Nov 19, 2019 I Paul Seaburn

Mysterious Ancient Burial of Two Infants Wearing Helmets Made From Human Skulls

There are still a few of us around who remember riding bikes, roller-blading, skate-boarding and participating in other outdoor activities without wearing a helmet. While we may have thought this helmet thing was a recent phenomenon, it turns out there were kids wearing helmets 2000 years ago … and this discovery is baffling archeologists – not because there were no bikes or skateboards back then, but because these ‘helmets’ were made out of … brace yourselves … the skulls of other humans! Safety? Some strange religious ritual? Something else? Write down your answer and let’s see if you’re a winner.

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My mom said not to ask where it came from -- just wear it.

“The human head was a potent symbol for many South American cultures. Isolated heads were often included in mortuary contexts, representing captured enemies, revered persons, and symbolic “seeds.””

According to a new study published in the journal Latin American Antiquity, the macabre helmets were discovered between 2014 and 2016 in Salango, a city on Ecuador’s central Pacific coast. The bodies of 11 individuals were buried there and unique artifacts dated them to the Guangala culture – a ceramics-making people living in the area between 100 BCE and 800 CE. Two of the bodies were identified as infants – one about 18 months old and the other about 6-9 months old at death. In an interview with, Sara Juengst of the University of North Carolina,  one of the researchers who found the remains, said that what these children had on their heads was something they’d never seen before – the skulls of older children who were between 2 and 12 years old.

“The modified cranium of a second juvenile was placed in a helmet-like fashion around the head of the first, such that the primary individual’s face looked through and out of the cranial vault of the second.”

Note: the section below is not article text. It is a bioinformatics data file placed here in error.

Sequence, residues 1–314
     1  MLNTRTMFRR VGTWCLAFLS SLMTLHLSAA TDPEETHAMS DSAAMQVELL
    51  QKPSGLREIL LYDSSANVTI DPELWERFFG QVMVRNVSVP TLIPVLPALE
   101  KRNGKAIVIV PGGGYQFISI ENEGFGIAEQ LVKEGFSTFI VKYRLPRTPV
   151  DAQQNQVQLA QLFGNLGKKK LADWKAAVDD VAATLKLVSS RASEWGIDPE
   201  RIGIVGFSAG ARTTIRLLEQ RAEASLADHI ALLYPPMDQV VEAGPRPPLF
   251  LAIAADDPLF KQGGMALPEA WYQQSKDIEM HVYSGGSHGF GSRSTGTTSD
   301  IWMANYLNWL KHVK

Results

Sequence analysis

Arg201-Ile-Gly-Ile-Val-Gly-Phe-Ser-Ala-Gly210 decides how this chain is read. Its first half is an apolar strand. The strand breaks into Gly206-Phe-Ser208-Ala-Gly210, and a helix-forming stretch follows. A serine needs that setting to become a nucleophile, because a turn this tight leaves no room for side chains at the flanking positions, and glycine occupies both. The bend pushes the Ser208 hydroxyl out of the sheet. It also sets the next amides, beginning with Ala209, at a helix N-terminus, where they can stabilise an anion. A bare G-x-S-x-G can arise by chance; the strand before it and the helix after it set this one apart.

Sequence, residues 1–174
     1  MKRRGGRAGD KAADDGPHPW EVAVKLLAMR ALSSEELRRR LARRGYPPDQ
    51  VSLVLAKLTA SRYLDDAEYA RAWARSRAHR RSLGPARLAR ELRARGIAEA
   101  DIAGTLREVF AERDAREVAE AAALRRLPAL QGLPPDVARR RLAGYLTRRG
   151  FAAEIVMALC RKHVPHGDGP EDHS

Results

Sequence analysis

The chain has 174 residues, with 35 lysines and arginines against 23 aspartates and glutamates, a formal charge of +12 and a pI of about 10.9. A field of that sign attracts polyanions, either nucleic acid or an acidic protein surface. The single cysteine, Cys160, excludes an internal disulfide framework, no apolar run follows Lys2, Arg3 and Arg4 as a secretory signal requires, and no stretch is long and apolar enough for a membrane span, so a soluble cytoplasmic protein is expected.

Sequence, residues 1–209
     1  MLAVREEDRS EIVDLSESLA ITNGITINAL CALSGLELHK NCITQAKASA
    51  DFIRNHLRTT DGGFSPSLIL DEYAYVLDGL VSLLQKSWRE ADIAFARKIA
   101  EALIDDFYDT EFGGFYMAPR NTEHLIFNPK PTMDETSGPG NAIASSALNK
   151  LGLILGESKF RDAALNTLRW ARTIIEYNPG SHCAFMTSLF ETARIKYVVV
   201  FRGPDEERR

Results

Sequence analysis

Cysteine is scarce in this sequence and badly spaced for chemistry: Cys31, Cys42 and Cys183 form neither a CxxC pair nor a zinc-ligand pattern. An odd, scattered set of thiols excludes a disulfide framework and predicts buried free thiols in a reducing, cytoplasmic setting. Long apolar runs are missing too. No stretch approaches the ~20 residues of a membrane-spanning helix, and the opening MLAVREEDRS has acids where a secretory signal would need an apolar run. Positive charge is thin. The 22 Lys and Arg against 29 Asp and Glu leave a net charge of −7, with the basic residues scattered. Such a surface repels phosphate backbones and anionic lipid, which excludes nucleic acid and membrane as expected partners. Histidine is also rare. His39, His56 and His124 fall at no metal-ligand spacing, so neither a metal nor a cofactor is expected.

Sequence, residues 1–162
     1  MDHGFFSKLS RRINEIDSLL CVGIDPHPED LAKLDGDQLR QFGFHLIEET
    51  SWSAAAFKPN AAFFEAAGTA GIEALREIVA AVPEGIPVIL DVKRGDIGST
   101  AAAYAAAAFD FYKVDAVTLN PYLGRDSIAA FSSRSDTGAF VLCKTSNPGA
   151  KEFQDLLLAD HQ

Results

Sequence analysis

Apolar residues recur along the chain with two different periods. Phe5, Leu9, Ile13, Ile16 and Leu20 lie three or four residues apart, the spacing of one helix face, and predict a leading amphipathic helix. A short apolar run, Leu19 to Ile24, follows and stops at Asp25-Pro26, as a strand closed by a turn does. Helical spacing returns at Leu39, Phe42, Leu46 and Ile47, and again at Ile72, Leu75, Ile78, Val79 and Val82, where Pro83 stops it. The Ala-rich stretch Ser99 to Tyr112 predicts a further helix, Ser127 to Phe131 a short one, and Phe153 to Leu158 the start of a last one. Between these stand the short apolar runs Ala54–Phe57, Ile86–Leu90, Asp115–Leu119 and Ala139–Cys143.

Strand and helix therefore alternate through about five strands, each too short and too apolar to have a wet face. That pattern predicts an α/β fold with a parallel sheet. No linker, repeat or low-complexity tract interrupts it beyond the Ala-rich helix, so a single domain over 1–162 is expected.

So, the wearer was looking out of the back of the skull-helmet – not exactly the way one would wear it for protection while playing Ecuadorian kickball. However, as explained in Live Science, it gets worse.

“The helmets were placed tightly over the infants' heads, the archaeologists found. It's likely that the older children's skulls still had flesh on them when they were turned into helmets, because without flesh, the helmets likely would not have held together, the archaeologists noted.”

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There has to be one in your size here somewhere.

If you haven’t figured it out by now, the wearers were most likely dead when they got their skull helmets. Unfortunately, the helmets appear to have come from older kids who were recently deceased. As with many gruesome discoveries in Central and South America, these were obviously the results of some sort of religious or burial rituals. As this is “the only known evidence of using juvenile crania as mortuary headgear, either in South America or globally,” the researchers did the best they could to come up reasons for the gruesome practice.

“(It) "may represent an attempt to ensure the protection of these 'presocial and wild' souls."

Well, that’s common in many burials, especially of young children. However, Juengst doesn’t rule out the possibility that the wearers and skull donors were related and the “potentially curated ancestor skulls” were “worn in life as well as in death.” If that’s the case, it may tie into evidence that the children died shortly after a volcanic eruption – they showed evidence of malnutrition that could have been caused by a lack of food.

“(Perhaps) the treatment of the two infants was part of a larger, complex ritual response to environmental consequences of the eruption."

Bioarchaeologist Sara Becker of the University of California Riverside, who was not part of the research, told that she would consider this theory.

“(It) makes me consider practices elsewhere where heads are buried in chests as if they are ‘seeds’ to help with agricultural productivity. I do wonder if it has something to do with rebirth, and if these children could have been important symbols of that.”

Needless to say, more research is needed to understand the practices of these ancient South American cultures we have so little history for and whose practices were considered ‘pagan’ by the invading Europeans.

As is so often the case, the more we find out, the less we know.

Paul Seaburn

Paul Seaburn is the editor at Mysterious Universe and its most prolific writer. He’s written for TV shows such as "The Tonight Show", "Politically Incorrect" and an award-winning children’s program. He's been published in “The New York Times" and "Huffington Post” and has co-authored numerous collections of trivia, puzzles and humor. His “What in the World!” podcast is a fun look at the latest weird and paranormal news, strange sports stories and odd trivia. Paul likes to add a bit of humor to each MU post he crafts. After all, the mysterious doesn't always have to be serious.

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